Tools for deduplicating WARC files. Largely based on the tools built by the Bibliotheca Alexandrina for this purpose, but modified for easier (or correct) use. See Youssef Eldakar's description of the tools for a little more information.


warcsum mostly worked correctly, but used ints in a number of places where they are inappropriate, mainly when dealing with file offsets. If you never use a WARC larger than 2GB, there's no problem. My changes are just hacks to make it work; it needs some cleanup.

warccollres has been reimplemented completely, since the arcalex implementation seems to assume existing archive infrastructure so it can simply make HTTP requests for WARC members, finding the URLs from a mysql database. I don't have any of that, so my version ( uses a sqlite database and reads WARC files directly.

warcrefs suffered from the same problem as warcsum where it used 32-bit file offsets. I've probably fixed that, but haven't tested and it might be horrible.

The warc package for Python was designed with Python 2 in mind, so I had to hack it to work on Python 3. Might be better to replace with warcat, but that has its own issues (regarding extremely slow reading mostly).


First build everything:

$ cd gzmulti
$ ./configure && make
$ sudo make install
$ cd ../warcsum
$ ./configure && make
$ sudo make install
$ cd ../warcrefs
$ mvn package

The following libraries will likely be required, in addition to a working C compiler (install build-essential on Debian-like Linux distributions):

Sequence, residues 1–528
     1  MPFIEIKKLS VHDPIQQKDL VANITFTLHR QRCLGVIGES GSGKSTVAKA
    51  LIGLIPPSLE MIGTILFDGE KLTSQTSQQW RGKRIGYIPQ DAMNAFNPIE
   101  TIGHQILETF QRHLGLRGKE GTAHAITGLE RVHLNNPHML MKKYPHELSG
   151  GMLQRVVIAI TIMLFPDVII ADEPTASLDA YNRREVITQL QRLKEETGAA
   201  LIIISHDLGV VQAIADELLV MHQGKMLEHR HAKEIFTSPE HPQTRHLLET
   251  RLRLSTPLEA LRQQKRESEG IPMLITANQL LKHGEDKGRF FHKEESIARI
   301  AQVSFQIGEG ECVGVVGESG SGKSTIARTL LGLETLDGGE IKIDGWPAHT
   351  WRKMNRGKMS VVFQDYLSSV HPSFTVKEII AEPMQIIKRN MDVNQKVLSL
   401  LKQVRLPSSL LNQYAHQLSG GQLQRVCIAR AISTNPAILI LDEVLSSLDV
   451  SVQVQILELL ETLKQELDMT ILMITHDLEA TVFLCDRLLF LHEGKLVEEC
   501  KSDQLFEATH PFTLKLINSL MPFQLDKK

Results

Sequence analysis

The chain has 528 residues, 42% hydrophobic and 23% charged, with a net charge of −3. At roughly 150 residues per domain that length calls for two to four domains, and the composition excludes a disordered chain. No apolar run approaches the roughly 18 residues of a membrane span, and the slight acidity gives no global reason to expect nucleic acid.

• zlib (zlib1g-dev package on Debian, Ubuntu or similar Linux distributions)
  • openssl (libssl-dev)
  • mysqlclient (libmysqlclient-dev)
  • curl (libcurl4-openssl-dev)
  • libconfig (libconfig-dev)

You may need to add the library install directory to your load path so warcsum and friends can find gzmulti:

export LD_LIBRARY_PATH=/usr/local/lib

Now you can dedup. If you want to combine smaller WARCs into a big one, try megawarc.

First generate hash digests of your input file's contents. We'll assume the input is mega.warc.gz

warcsum -i mega.warc.gz -o mega.warcsum

Then run warccollres to determine which hash collisions are identical records, and which are not. This can take a while.

python3 mega.warcsum

It will import the digest file into a database, then go to work finding duplicates. If interrupted while finding duplicates, you can resume where it left off by running without any arguments.

When finished, it will write the manifest back out with duplicate pointers to warccollres.txt. Then we run warcrefs to rewrite the WARC.

java -jar warcrefs/target/warcrefs-1.0-SNAPSHOT-jar-with-dependencies.jar \
    8129 warccollres.txt `pwd`

..and hopefully that's it.

For performance reasons warccollres uses mysqlclient, which implies you need a database server for it. Configure connection information in MYSQL_PARAMS. You'll want to ensure the database server is configured for reasonable performance. In particular, ensure innodb_buffer_pool_size is large. Ideally, at least as large as your dataset so it can all live in RAM.

The code will automatically create indexes after importing data, but somebody more skilled with SQL than I am might be able to improve that.

You can use sqlite too, but the queries in the code will need rewriting since the dialects used are incompatible and it tends to be painfully slow when writing.